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Abstract

▪ Abstract

The characterization of blood flow is important for understanding the function of the cardiovascular system under normal and diseased conditions, designing cardiovascular devices, and diagnosing and treating congenital and acquired cardiovascular disease. Experimental methods, especially magnetic resonance imaging techniques can be used to noninvasively quantify blood flow for diagnosing cardiovascular disease, researching disease mechanisms, and validating assumptions and predictions of mathematical models. Computational methods can be used to simulate blood flow and vessel dynamics, test hypotheses of disease formation under controlled conditions, and evaluate devices that have not yet been built and treatments that have not yet been implemented. In this article we review experimental and computational methods for quantifying blood flow velocity and pressure fields in human arteries. We place particular emphasis on providing an introduction to the physics and applications of magnetic resonance imaging, and surveying lumped parameter, one-dimensional, and three-dimensional numerical methods used to model blood flow.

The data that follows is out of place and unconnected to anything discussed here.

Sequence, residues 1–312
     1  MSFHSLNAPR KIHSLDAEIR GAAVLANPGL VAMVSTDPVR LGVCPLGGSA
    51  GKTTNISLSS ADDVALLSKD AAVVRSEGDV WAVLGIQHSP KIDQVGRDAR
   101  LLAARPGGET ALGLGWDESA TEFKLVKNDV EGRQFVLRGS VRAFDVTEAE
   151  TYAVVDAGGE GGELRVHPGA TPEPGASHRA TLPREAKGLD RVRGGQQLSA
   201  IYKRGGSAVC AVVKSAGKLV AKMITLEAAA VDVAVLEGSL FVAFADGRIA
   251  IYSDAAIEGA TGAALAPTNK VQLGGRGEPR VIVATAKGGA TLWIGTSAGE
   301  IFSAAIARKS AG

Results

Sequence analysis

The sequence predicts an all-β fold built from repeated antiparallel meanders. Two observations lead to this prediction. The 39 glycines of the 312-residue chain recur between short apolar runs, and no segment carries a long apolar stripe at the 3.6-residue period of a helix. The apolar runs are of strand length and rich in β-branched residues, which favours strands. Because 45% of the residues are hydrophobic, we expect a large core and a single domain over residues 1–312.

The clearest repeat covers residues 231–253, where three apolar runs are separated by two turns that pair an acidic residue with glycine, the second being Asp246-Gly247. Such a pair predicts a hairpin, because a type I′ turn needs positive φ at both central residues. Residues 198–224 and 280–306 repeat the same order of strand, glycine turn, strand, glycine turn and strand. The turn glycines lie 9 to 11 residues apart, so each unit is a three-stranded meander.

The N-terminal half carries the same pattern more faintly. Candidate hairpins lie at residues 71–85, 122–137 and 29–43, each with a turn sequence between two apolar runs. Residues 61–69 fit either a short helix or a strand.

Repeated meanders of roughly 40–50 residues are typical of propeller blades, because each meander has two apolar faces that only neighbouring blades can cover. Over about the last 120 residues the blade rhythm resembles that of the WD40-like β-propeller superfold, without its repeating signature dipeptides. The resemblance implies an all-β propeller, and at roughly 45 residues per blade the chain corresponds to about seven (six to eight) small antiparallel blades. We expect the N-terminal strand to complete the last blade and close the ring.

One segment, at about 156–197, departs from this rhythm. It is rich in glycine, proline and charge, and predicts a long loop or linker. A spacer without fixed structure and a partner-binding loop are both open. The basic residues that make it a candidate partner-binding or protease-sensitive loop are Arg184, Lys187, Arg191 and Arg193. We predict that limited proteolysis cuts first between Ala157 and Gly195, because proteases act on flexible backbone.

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/content/journals/10.1146/annurev.fluid.36.050802.121944
2004-01-21
2024-06-19
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  • Article Type: Review Article
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